Just buy the cable I have linked here. It’s plenty fast and sacrificing cable length for zero speed increase is pointless.
Item 5: The UPS
No, we are not talking about the famous brown trucks rolling around your city, we are talking about your backup Universal Power System (UPS for short). If you live in Los Angeles, you are probably used to rolling power outages or the random transformer explosion that kills your power for a couple of hours. A power outage is not a matter of “if” but a matter of “when.” The worst thing that could happen is that a power surge destroys your server and you lose all your data (good thing you have it backed up to the cloud… right?). The not-so-bad thing is that you lose all your progress 3hrs into a 3TB data transfer and you have to start all over costing you hours. Since time is money, a power loss is completely unacceptable. Prevention is the best form of protection so buy a UPS. It will protect you from surges and give you a couple of hours of spare power… just don’t plug in anything too power-hungry into it. I recommend the APC UPS, it’s very reliable and most importantly… isn’t CyberPower. Don’t buy CyberPower or… any other brand for that matter. APC is the best and most trusted in all industries. I have seen plenty of CyberPowers fail or not switch over to battery power fast enough, therefore, resulting in loss of data. The cost savings is NOT worth it.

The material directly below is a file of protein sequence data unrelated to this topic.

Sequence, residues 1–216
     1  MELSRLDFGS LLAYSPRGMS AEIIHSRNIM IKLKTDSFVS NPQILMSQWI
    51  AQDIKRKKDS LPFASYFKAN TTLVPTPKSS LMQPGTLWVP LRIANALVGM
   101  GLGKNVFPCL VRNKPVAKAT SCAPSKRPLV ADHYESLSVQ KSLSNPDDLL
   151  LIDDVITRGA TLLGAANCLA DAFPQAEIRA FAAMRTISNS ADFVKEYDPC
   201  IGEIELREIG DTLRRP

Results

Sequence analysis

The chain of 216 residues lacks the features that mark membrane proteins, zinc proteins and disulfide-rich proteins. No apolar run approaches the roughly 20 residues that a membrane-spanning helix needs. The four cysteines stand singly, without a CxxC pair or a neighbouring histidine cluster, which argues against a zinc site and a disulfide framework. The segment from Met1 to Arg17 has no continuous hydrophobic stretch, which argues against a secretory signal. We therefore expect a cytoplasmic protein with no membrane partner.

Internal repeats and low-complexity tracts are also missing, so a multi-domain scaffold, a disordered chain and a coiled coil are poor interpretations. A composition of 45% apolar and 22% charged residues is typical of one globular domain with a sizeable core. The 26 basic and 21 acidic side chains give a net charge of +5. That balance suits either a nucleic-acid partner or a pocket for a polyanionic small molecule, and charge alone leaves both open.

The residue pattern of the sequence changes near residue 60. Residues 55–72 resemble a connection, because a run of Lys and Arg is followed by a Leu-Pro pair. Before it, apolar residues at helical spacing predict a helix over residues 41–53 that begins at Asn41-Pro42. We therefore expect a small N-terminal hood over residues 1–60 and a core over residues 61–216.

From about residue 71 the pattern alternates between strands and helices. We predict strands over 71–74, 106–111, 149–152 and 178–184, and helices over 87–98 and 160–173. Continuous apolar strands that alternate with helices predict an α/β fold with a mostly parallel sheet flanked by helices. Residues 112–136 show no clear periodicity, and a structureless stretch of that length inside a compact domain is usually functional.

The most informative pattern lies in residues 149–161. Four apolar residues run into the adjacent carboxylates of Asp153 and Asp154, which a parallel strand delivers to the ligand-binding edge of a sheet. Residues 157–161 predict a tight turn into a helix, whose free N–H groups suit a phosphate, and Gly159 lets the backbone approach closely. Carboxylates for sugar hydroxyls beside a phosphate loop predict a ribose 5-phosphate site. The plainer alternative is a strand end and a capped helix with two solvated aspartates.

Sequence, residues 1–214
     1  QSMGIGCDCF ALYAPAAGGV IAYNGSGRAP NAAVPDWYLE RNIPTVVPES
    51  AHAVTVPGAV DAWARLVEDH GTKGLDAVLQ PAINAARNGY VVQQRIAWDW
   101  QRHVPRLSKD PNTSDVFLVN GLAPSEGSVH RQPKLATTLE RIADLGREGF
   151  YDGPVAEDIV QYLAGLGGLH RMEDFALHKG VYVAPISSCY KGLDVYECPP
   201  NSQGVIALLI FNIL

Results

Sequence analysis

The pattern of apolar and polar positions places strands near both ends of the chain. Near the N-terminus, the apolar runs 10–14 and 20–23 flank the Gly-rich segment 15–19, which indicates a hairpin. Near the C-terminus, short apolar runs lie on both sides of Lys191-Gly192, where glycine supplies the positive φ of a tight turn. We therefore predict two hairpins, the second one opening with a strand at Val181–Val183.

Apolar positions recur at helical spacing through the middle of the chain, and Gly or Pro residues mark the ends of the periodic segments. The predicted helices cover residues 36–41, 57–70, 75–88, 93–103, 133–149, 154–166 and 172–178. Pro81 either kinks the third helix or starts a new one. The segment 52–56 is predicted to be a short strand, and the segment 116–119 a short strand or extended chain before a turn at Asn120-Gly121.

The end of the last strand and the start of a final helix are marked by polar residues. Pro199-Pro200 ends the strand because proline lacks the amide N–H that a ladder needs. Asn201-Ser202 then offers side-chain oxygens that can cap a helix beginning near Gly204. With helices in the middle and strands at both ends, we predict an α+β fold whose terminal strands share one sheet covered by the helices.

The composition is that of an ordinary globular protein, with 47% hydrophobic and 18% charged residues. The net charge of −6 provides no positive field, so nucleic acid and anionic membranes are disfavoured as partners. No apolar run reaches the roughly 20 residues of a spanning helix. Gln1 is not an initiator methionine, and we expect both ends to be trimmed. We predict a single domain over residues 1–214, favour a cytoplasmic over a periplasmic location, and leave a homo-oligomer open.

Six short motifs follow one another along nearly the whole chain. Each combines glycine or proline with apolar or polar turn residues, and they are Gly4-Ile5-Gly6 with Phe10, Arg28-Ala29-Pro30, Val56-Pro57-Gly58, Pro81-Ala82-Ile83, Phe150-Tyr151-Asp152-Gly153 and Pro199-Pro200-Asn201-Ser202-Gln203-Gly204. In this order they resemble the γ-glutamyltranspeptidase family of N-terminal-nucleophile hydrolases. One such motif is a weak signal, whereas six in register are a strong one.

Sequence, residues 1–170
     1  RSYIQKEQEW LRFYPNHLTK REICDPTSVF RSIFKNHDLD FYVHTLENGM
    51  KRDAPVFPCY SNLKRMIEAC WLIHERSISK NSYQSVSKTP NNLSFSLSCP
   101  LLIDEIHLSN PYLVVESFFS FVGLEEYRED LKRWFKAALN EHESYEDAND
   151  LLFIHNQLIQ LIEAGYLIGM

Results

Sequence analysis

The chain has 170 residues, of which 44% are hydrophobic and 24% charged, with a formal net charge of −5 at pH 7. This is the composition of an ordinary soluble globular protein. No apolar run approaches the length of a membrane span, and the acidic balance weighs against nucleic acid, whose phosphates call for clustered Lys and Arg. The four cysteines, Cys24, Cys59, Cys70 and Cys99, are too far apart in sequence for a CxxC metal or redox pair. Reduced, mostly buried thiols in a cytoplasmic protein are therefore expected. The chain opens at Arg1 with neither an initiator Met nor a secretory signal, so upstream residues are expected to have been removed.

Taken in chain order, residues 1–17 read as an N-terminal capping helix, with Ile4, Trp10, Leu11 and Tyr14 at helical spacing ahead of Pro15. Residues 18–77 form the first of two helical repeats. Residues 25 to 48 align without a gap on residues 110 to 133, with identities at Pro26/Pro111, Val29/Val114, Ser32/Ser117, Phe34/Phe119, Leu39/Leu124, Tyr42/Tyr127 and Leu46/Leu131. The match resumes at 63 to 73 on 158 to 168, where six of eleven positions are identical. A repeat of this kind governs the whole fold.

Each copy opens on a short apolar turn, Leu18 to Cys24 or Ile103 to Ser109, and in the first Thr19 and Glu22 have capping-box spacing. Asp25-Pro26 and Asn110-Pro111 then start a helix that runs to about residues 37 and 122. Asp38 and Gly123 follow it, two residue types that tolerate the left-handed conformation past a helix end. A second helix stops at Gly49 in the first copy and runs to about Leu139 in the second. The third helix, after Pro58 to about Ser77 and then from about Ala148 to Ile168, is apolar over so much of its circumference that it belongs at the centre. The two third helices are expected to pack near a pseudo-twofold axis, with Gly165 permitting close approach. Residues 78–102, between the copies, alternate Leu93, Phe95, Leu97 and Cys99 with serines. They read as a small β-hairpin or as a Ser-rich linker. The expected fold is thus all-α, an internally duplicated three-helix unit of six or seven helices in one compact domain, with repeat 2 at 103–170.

And that’s it! Everything you need for your small production company is here. I mentioned Nextcloud and secure file transfers in the NAS section. I will be writing a blog about how to install Nextcloud on a qnap to reap the massive efficiency benefits of self-hosted cloud storage and file transfers soon. If you are technically inclined, click this link to get started. Keep in mind it will take some Linux and web server knowledge but it isn’t hard to learn the basics.